Learning to Be a Team Player at Palisades High School

By Laurel Busby
Staff Writer

Teacher Cathye Estes centers her life on cheerleading, special education and parenthood, with a healthy dose of community service sprinkled throughout.

Cheerleading is a love, and when she took over the Palisades High School cheerleading program last school year, she inherited a team that had not had rigorous coaching for some time.

Since then, Estes has worked hard to increase the team’s athleticism, rigor and safety. Perhaps even more importantly she is striving to create a closely bonded team where everyone progresses together and trusts each other.

“There’s been huge progress,” Estes said. “They’re doing things that a cheerleading squad should be able to do and things we weren’t able to do last year. In the past, it’s been ‘go out and shake your skirts.’ It hasn’t been about what cheer motion concepts do you have. Cheerleading isn’t about dancing. It’s about arm movements, jumps, steps and technique.”

The PaliHi varsity cheerleading squad. The members are (not in order) Breana Acevedo, Maria Chavarria, Madeleine Chinery, Estephane Cortez, Nyasha Ezekiel, Lauryn Hall, Kimberly Hernandez, Chimeire Ikeabu, Kaytie Jeffries, Aleiyah Jones, Sarah Mousave, Lillie Simon, ShyLynn Smith, Jasmine Ward and Ellai Williams

The PaliHi varsity cheerleading squad. The members are (not in order) Breana Acevedo, Maria Chavarria, Madeleine Chinery, Estephane Cortez, Nyasha Ezekiel, Lauryn Hall, Kimberly Hernandez, Chimeire Ikeabu, Kaytie Jeffries, Aleiyah Jones, Sarah Mousave, Lillie Simon, ShyLynn Smith, Jasmine Ward and Ellai Williams

Senior Jasmine Ward, 17, who has cheered all four years of her PaliHi time, said the changes have meant “we’re more of a team this year . . . There are no cliques any more.” In addition, when performing, “we are cleaner and sharper in our motions,” which means “we have a better image” on campus.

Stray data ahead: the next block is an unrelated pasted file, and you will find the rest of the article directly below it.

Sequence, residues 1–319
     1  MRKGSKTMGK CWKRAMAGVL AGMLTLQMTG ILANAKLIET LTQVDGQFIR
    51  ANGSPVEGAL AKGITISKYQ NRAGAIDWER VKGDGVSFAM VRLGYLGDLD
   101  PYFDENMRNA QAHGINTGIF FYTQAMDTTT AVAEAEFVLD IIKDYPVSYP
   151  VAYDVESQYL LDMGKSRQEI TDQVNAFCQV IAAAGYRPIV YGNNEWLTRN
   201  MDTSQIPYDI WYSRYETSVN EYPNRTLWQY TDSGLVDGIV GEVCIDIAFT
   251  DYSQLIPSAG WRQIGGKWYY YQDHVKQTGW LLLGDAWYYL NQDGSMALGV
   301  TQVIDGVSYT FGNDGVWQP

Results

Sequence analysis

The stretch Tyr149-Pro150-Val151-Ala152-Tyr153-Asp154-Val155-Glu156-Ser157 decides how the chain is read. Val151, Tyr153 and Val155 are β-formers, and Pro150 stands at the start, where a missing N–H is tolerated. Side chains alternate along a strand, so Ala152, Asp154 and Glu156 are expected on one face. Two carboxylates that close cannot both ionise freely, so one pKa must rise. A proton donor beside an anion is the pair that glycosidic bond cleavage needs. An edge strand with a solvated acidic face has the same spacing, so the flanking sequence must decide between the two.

Other students used to refer to cheer in a dismissive way, Ward added, but “now it’s good to say you cheer. There’s more respect.”

Sophomores ShyLynn Smith and Kimberly Hernandez agreed, and noted that the practices, which last more than two hours each school day, are quite rigorous. “It’s fun and a lot of hard work.”

“We do a lot of conditioning,” Hernandez noted. And the group of about 30 cheerleaders have become friends.

“There’s more bonding than last year, and you get close to each other,” Smith said. Varsity and junior varsity squads used to practice separately, but now they train as one. Estes has made it a mission to connect the teens with each other. On their first bus trip to camp at UC-Santa Barbara, she assigned the seating, so JV cheerleaders were paired with varsity ones. She worked to pair students who didn’t know each other, so they would have a chance to talk and get to know each other.

The PaliHi junior varsity cheerleading squad. Photo courtesy of Palisades High School Yearbook